Millennium Post

Rahul Gandhi 3.0

With the government cornered on its handling of the economy, Rahul Gandhi is finally playing the role of a worthy opponent.

Rahul Gandhi 3.0Rahul Gandhi is making a comeback with feisty speeches like the one he recently delivered at University of California, Berkeley

Rahul Gandhi has been called a lot of things in the last three years. He has been ridiculed for his guffaws, criticised for his lack of ideas and chastised for being an unwilling scion of the Congress. But, every dog has its day and that day seems to have finally come for the Congress leader who is poised to take over as party President from mother, Sonia Gandhi.

His recent speeches, such as the one at UC Berkeley, have shown rare clarity, as he finally starts playing a worthy opponent to Prime Minister Narendra Modi. Gandhi tried a revamp once before, around the time of the 2014 Lok Sabha elections; but, neither the various PR ploys nor his planned public appearances made a dent in the ensuing polls. In fact, the nomenclature of 'Pappu' resonated high and assumed permanence in the language of many who discussed him. But the effort to position Gandhi, as a leader who will keep at it in spite of mockery, continued and seems to be finally paying off.
'Nothing succeeds like success,' and at the moment little seems to be going the ruling party's way. The BJP came to power riding high on the plank of growth, development and job creation. The Indian economy was robust and gearing towards newer achievements. But it takes an inept captain and his crew to single-handedly run the economy into the ground in just three years, in spite of, favourable global winds such as falling crude prices. A telling sign, when the PM is tom-tomming just one government initiative of 'electricity for all' as the government's biggest achievement in three years. Not job creation, not GDP numbers, just electricity for all.
So, where RG 2.0 may have failed, RG 3.0 may just work. Timing in politics always holds the key and there could be no better time than now for the resurgence of the Congress leader. Coming at the back of the economic disaster caused by demonetisation and now the demand of transitional credit of Rs 65,000 crore by taxpayers, Gandhi and other Opposition leaders have the arms to corner the government. The economy is in such disrepair that the government has been forced to instate an economic advisory council à la former PM Manmohan Singh. Shocking that even that has to be done, considering the star team of Arvind Panagariya (now exited), Arun Jaitley, Arvind Subramanian and Amitabh Kant, were helming the government's various policy decisions.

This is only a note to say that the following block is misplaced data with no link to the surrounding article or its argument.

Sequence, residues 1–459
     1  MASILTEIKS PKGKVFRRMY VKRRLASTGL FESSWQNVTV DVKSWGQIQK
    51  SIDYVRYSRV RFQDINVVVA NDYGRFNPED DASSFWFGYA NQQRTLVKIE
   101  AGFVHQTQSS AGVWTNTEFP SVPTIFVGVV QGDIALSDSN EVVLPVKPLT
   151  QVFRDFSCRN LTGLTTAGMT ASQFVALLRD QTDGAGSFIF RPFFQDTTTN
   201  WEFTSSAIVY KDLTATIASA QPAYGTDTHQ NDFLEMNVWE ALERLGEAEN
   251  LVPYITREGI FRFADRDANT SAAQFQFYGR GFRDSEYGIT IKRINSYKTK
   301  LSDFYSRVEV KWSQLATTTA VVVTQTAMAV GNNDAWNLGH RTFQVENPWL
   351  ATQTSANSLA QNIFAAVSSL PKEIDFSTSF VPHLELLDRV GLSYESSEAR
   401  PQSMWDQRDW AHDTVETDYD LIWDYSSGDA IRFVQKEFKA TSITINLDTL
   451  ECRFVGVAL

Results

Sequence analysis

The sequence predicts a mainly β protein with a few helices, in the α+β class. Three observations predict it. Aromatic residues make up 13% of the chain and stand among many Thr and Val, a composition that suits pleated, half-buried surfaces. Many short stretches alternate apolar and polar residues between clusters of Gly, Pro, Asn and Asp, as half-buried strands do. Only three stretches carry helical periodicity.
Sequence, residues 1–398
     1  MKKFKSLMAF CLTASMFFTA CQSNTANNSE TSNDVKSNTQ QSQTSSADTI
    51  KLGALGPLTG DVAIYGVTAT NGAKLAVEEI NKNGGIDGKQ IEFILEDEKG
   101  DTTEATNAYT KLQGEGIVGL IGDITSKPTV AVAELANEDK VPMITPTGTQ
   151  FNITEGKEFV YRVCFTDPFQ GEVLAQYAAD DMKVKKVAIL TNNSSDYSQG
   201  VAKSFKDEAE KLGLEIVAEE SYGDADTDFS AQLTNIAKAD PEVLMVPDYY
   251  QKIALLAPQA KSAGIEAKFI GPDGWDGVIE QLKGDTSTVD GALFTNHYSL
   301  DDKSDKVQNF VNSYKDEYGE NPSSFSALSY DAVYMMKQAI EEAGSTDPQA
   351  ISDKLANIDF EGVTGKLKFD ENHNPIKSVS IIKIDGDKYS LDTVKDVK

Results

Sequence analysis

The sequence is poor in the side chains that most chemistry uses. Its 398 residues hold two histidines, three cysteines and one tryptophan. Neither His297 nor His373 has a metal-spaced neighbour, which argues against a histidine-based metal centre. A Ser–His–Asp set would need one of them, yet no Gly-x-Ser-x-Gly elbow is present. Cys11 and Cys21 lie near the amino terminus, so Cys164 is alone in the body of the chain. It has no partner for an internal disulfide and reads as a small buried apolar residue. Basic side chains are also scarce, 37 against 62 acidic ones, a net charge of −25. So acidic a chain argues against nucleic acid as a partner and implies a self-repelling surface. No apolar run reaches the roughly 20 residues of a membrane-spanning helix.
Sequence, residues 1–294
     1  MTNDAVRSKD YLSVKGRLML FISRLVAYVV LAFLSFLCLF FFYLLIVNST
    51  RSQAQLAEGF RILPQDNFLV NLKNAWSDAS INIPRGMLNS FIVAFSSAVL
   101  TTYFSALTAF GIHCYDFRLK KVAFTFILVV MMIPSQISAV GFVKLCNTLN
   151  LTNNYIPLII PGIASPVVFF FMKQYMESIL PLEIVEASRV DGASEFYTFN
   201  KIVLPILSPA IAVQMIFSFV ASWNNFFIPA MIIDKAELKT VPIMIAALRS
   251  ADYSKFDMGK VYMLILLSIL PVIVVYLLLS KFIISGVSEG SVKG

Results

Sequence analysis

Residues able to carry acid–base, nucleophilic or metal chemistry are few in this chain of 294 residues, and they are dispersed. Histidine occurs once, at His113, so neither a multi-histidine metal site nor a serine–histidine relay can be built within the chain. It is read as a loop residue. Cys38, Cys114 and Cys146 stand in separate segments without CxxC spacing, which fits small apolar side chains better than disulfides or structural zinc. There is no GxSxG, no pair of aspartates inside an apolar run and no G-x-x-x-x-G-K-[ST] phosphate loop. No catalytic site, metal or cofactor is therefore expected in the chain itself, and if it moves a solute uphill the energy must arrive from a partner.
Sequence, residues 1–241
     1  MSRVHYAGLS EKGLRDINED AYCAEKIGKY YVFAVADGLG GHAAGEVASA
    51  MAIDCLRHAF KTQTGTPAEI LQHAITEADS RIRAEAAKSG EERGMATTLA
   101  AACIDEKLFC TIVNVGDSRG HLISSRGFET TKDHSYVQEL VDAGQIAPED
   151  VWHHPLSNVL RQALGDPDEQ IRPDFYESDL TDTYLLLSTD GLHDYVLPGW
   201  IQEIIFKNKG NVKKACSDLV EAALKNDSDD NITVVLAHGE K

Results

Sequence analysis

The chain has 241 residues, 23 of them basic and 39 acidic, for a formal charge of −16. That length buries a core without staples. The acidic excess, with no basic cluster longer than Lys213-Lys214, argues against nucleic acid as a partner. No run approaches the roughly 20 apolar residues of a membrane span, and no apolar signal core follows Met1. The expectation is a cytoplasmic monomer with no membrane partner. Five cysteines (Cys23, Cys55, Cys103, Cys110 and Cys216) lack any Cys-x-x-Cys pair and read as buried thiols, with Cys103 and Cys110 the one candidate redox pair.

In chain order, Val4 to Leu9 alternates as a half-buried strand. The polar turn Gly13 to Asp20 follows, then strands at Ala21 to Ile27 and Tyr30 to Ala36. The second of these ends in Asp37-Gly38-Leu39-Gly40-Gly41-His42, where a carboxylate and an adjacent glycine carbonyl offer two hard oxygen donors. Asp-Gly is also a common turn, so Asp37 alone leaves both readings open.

So, 'cometh the hour, cometh the man'? From the look of the acerbic yet witty social media messages being put out by Gandhi's Twitter handle, one would definitely believe so. With a saffron scarf and 'tilak' on his forehead, in a smart move, Gandhi also visited four temples (including climbing 650 steps to reach a hilltop one) during his just-concluded three-day Gujarat trip; Hinduism is not the prerogative of the BJP alone. Many who had written him off as a fumbling political leader thrust into a world where he does not belong and perhaps, does not even want to, are being made to sit up and take notice. This is not the same Gandhi.
Gandhi also scores well on the personal charm index. He is very unlike our PM, who is most amiable during his overseas tours sharing jokes, anecdotes and hugs with global leaders, businessmen and journalists, but is quite a sour puss back home. PM Modi has neither been accessible to journalists nor willing to have an honest chat with the media. Only selective journalists with filtered questions and agenda have had a chance to convey the PM's side of matters. The PM's image of being a strong, stoic leader who does not shy away from taking tough decisions has now given way to show the error in his policies. With criticism mounting on the government even from within the party (read: Yashwant Sinha), the PM cannot fall back on charisma. Hard questions are now being asked after three years of patient silence and it is most disheartening to see that the government is still in denial.
It will be good news for all if the Indian economy manages to get out of the woods. But no amount of self-denial or bravado will fix the mess. It is time for an honest admission of facts, and a speedy yet effective plan to save what was once the world's fastest-growing economy. And, till that is done, leaders such as Gandhi are set to assume centre stage. If Modi is a true believer in democracy, he will not be shaken by Gandhi's resurrection. Frankly, every true winner craves for a challenger and there's no democracy without a healthy opposition. This puppy though has a lot to say and people are listening; and it increasingly looks unlikely to come under the wheel, again.
(The writer is a journalist and media entrepreneur. The views expressed are strictly personal.)

Shutapa Paul

Shutapa Paul

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